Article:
Yes, and paying costs they do not need to pay. LED lighting is indeed the fashion model that catches the attention, but Induction lighting for street lights is less expensive up front and to operate. And they have no need for special disposal. They also have the longest life of any illumination technology available today. Need I say more?

Macabre Sunset

Wed, Feb 6, 2013 : 3:46 p.m.

Have they solved the problem with LED traffic lights becoming hard to see during the winter because they don't run hot enough to melt ice?

Dog Guy

Wed, Feb 6, 2013 : 2:50 p.m.

As I don't pay taxes in the proposed special assessment district, fairness requires that I keep my eyes closed when I drive through it at night.


Wed, Feb 6, 2013 : 2:25 p.m.

If the savings are what they are, why don't they finance the LED lights from the savings and not use a special assessment? Is it because LED lighting is too expensive up front? The annual savings do not cover the financing costs? Hmmmmm -- what is the real motivation for the change? Taxpayers -- it is your money!

Nicholas Urfe

Wed, Feb 6, 2013 : 2:04 p.m.

Who makes the profit off this? The lights, the installation? As others have pointed out the ROI is trivial. I feel for the residents asked to pay $85 a year when they are struggling to pay their mortgages and feed their families.

Katrease Stafford

Wed, Feb 6, 2013 : 1:41 p.m.

For those interested in voicing an opinion, there will be two public hearings held in March, the first is tentatively set for March 5. Residents can either voice their support or file an objection to the proposed special assessment district. Residents can potentially impact the decision, as I understand it. After Feb. 19, I will have more details in terms of the exact costs and how the fee will be assessed.


Wed, Feb 6, 2013 : 1:23 p.m.

Once again the taxpayers will foot the bill of an incomplete financial analysis. And with the complicity of DTE. Magnetic Induction Lighting would be a better and less expensive choice, but it would also cut down on the energy used vs LED lighting, result in fewer bulb changes because Induction bulbs last 2-x longer than LED. At 12-hour/day usage, Induction bulbs will last 20+ years, and they are much cheaper up front than are LED. But the LED Industry has done a better job of selling its technology. However, Induction lighting is starting to make significant inroads. Ask the City of San Diego why the went to induction lighting and why they did not choose LED -- cost was the major driver! Given Ypsilanti's financial position, will someone kindly explain how they get away with not doing their homework and choosing a more expensive option? It is not by chance that voters get so upset with their supposed representatives. It is apparently easy to spend money that is not yours! Taxpayers ought to at least ask the question -- where is the analysis? Let's see the facts.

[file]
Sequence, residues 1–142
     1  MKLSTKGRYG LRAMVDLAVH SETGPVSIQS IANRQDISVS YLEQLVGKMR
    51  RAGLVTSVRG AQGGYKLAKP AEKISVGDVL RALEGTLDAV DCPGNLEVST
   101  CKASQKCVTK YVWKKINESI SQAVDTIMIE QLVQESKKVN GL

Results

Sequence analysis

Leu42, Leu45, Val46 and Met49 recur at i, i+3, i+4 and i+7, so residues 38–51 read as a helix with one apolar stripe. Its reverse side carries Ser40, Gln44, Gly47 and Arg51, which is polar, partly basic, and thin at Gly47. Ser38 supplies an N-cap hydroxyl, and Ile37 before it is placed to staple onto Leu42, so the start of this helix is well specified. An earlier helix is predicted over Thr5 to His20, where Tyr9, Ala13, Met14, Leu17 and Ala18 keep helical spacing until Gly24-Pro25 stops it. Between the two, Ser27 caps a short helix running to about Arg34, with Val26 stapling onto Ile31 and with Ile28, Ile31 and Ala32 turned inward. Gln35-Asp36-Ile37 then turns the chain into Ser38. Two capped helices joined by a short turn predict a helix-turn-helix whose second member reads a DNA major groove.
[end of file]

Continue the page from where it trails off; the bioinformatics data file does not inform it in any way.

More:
Nathan Mentley

Mon, Feb 18, 2013 : 6:50 p.m.

Induction lighting doesn't work well in cold weather. It works well for a place like San Diego since they rarely have sub 50 degree weather.


Wed, Feb 6, 2013 : 11:39 a.m.

So the city assesses residents to pay for the installation of lights so the city can save money. How do the residents come it ahead?